by RAY FLEMING “I'm sure that we will gain nothing by offering to address the matter of Gibraltar at the end of the war. The Spaniards know that if we win, the conversations will have no fruit at all, and if we lose they won't be necessary.” The words were those of Winston Churchill in a memorandum dated June 26, 1940, one of a number of fascinating documents on Gibraltar that have been declassified by the UK National Archive under the 50-year-rule. The documents were brought together in August 1953 by a Foreign Office official, following a request on behalf of Churchill from No 10 Downing Street which read: “The prime minister would be very grateful if you could send him a short note. What did we tell Franco about Gibraltar during the war?” The request was made because the British Embassy in Madrid reported that on August 4, 1953, editorials in three Spanish newspapers had printed a strong attack on Britain for its occupation of Gibraltar, apparently based on an interview with General Franco who had implied that “hopes for the restitution of Gibraltar” had been given to Spain during the war. Considering the strategic importance of Gibraltar during the Second World War it seems unlikely that any such “hopes” would been encouraged in 1940 without Churchill's specific knowledge but by making his enquiry thirteen years later he presumably wanted to be sure that no one had spoken without proper authority.

The Foreign Office summary sent to Downing Street later in August first refers to a meeting of the War Cabinet on June, 1940, which agreed that Britain could tell Spain that “we are free after the war to discuss any matter of interest to Spain and to us” but that any such statement should omit specific reference to Gibraltar. The summary then explains that the position was made less clear when the British Ambassador to Spain, Sir Samuel Hoare, expressed the view that he should be free to say to the Spanish that Gibraltar could be among the topics to be discussed after the war. Oddly, Churchill appears to have agreed that the matter should be left to the ambassador's discretion.

Apparently no record exists of whether Sir Samuel Hoare actually let the word Gibraltar fall from his lips in any meeting he might have had with Franco or his representatives. The Foreign Office summary therefore concludes with this observation: “As far as formal records are concerned, up until now, and in the light of a lack of any concrete evidence to the contrary, we can maintain the position of the War Cabinet of June 18, 1940. However, at one point a discretional measure was authorised: this, together with the fact that we can't be sure that we have all the evidence does not make it advisable to get into a controversy about the matter.” About one year later further attacks on Britain over Gibraltar were mounted in the Spanish press and a release from the Spanish Foreign Office said that between 1940 and 1942 the British government “offered to negotiate with Spain the restitution of Gibraltar when the war was over if Spain stayed neutral.” In May 1950 Churchill told the House of Commons that during the Second World War “no promises” were made to return Gibraltar to Spain.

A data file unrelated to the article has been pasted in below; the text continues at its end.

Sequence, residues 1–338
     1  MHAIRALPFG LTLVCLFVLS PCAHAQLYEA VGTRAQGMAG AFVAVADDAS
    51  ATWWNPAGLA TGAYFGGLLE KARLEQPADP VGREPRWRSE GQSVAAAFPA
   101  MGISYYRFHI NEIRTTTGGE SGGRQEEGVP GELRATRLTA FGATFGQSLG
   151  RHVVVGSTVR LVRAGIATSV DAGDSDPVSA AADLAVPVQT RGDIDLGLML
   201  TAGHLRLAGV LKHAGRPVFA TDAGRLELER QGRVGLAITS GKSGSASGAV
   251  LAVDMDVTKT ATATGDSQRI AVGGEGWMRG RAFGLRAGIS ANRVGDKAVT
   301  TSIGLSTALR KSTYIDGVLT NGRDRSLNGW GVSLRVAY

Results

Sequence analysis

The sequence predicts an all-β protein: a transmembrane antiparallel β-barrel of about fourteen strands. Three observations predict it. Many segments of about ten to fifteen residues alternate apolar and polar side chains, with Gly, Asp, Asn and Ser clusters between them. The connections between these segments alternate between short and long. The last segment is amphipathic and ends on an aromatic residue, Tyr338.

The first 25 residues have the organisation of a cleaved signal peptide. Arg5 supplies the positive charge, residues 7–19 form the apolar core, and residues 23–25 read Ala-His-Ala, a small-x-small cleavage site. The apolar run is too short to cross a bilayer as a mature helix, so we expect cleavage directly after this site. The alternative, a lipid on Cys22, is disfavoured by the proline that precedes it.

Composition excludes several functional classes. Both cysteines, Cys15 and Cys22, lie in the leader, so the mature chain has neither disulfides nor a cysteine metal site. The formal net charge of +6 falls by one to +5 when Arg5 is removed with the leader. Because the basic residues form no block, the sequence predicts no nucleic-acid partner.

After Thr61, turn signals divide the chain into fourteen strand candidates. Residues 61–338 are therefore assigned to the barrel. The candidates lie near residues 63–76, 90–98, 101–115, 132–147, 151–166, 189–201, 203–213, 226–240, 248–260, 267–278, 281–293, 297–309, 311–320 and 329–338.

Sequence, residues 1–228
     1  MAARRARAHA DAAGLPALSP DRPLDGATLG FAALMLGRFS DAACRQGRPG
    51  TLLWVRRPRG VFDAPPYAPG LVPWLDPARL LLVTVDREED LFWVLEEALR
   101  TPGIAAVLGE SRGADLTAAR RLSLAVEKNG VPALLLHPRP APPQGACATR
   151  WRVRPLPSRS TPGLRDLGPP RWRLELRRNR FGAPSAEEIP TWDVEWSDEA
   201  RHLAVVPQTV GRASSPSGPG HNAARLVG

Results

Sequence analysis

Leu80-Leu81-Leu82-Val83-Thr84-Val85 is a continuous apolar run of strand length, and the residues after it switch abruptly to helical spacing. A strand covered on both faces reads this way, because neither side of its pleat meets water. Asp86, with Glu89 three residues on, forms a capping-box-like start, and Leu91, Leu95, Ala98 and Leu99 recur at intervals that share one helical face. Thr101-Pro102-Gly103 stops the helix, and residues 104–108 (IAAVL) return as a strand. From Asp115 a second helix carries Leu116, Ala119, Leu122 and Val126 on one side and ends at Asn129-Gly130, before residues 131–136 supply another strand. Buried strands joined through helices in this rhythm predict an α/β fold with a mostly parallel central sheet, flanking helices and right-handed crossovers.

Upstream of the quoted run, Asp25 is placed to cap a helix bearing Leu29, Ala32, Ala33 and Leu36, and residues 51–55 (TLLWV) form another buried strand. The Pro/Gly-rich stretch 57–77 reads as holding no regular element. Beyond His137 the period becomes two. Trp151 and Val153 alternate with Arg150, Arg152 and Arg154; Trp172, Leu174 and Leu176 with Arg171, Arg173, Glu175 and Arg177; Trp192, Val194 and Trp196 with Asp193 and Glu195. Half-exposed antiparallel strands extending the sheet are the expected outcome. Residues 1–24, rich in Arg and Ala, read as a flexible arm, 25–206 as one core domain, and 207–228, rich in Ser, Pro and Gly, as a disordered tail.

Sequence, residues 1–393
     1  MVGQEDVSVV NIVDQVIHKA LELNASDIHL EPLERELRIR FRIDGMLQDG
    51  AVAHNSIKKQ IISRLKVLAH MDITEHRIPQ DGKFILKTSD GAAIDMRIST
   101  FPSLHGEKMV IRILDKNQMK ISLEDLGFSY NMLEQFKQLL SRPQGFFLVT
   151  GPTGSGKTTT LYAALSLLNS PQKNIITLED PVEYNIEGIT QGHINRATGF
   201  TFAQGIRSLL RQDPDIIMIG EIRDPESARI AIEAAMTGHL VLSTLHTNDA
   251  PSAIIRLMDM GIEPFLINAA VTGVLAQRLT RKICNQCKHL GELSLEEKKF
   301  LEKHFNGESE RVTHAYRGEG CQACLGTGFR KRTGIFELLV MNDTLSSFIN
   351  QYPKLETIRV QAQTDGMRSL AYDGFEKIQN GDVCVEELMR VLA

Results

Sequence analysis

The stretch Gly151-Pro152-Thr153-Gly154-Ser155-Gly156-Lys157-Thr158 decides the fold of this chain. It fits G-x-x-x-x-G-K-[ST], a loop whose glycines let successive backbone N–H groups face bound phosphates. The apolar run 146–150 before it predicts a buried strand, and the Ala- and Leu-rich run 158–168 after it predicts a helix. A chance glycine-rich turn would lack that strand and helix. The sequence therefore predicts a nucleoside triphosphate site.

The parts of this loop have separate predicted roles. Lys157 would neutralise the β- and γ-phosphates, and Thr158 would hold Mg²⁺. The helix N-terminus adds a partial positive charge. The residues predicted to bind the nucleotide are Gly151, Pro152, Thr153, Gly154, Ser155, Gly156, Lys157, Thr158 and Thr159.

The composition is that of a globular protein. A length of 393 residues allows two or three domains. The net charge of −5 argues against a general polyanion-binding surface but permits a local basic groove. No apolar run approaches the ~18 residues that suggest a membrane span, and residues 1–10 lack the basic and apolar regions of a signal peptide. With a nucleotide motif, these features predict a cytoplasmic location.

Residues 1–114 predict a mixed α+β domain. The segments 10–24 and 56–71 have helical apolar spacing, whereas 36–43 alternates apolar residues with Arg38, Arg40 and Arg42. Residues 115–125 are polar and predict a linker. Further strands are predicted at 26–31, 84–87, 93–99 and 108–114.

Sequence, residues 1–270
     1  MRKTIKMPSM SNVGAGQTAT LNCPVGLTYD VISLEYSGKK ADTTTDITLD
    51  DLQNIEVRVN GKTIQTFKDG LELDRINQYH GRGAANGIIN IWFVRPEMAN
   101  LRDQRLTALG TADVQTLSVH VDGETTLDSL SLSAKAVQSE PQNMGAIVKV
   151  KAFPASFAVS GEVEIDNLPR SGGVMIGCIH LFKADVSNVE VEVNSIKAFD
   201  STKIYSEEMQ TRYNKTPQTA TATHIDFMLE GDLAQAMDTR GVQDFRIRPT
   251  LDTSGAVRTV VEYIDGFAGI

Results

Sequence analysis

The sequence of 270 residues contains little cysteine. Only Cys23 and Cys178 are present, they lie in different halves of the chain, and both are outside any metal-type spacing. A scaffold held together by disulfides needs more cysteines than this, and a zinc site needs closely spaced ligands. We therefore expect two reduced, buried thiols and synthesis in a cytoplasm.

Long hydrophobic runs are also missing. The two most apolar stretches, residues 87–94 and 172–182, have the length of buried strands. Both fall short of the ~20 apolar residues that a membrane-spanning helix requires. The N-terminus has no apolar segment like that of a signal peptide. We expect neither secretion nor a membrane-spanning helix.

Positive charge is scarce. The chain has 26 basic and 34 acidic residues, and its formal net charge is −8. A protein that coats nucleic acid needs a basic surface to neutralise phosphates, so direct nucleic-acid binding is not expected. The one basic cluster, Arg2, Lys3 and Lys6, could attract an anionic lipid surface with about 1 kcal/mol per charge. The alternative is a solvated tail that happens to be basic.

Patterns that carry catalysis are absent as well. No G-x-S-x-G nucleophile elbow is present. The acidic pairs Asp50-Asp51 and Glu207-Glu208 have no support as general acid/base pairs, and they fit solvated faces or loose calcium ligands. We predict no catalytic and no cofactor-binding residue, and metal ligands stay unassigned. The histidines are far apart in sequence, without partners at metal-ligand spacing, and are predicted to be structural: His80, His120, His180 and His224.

So: What did Britain tell Franco about Gibraltar during the war? It seems that in the absence of any written evidence (might this still be classified?) no one knows whether Sir Samuel Hoare at any time gave Franco reason to believe that Gibraltar could be on the agenda in post-war talks. Did Churchill give Hoare discretion to make this offer if he found it necessary in order to persuade Franco not to allow the German army access to Gibraltar through Spain?